Pruning Shrubs and Trees

I love to prune.  Pruning is an art, a science, and a kind of meditation.  Like much of gardening,  pruning is a subtractive process–a careful removal of that growth which does not serve the plant’s health, circulation and aesthetic grace.  In pruning-geek circles, good pruning is called “aesthetic” pruning.  You know a plant has been well-pruned when you can’t tell exactly what was done to make it look so darned good.

The essence of good pruning was most concisely explained to me by the teacher of a japanese maple pruning class I once took.  He said, “A tree is a slow explosion, solidified.”  He said that when pruning, one should always respect the flow of energy moving outward from the base of the trunk.  Isn’t that beautiful?  It’s true too.  If you think about how a plant grows, it is literally an expansion of growth energy upward and outward from the seed.  When you prune, you aim to celebrate and showcase this beautiful movement-made-solid.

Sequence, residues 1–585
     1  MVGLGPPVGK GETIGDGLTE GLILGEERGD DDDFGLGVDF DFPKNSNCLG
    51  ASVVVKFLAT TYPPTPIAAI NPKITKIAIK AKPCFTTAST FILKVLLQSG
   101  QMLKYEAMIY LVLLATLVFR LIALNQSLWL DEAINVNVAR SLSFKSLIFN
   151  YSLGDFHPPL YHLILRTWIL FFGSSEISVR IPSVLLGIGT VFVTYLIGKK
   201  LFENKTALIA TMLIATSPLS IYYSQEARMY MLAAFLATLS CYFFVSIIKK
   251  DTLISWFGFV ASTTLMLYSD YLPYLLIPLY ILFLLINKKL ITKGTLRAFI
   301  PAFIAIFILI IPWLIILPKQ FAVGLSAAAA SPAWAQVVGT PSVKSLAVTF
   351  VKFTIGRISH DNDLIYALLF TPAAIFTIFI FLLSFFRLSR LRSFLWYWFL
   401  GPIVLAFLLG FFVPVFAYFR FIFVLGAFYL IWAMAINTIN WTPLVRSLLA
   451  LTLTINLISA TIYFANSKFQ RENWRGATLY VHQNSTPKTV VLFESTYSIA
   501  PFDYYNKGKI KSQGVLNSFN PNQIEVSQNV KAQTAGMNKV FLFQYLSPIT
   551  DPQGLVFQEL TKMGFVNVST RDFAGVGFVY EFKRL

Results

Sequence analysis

Part of being a skilled professional is knowing which plants need what kinds of pruning.  Many (but not all) roses, for instance, are reduced to bare sticks poking from the ground after proper pruning in late winter.  Certain vines need to be pruned back to flowering spurs three times per year, whereas others need to be whacked to the ground in early spring.  Fruit trees are a whole different ball game, and young trees are treated quite differently from old trees.   Pines need to be candled, forsythias thinned.  It’s a fascinating body of knowledge and a totally immersive practice.

If you’d like to learn about pruning, you can copy and paste the link to Plant Amnesty:  This wonderful non-profit was founded by Cass Turnbull in Seattle to save plants everywhere from the cruel butcheries witnessed around parking lots far and wide.

Please call us to prune in your garden–you will love the results, and so will your plants!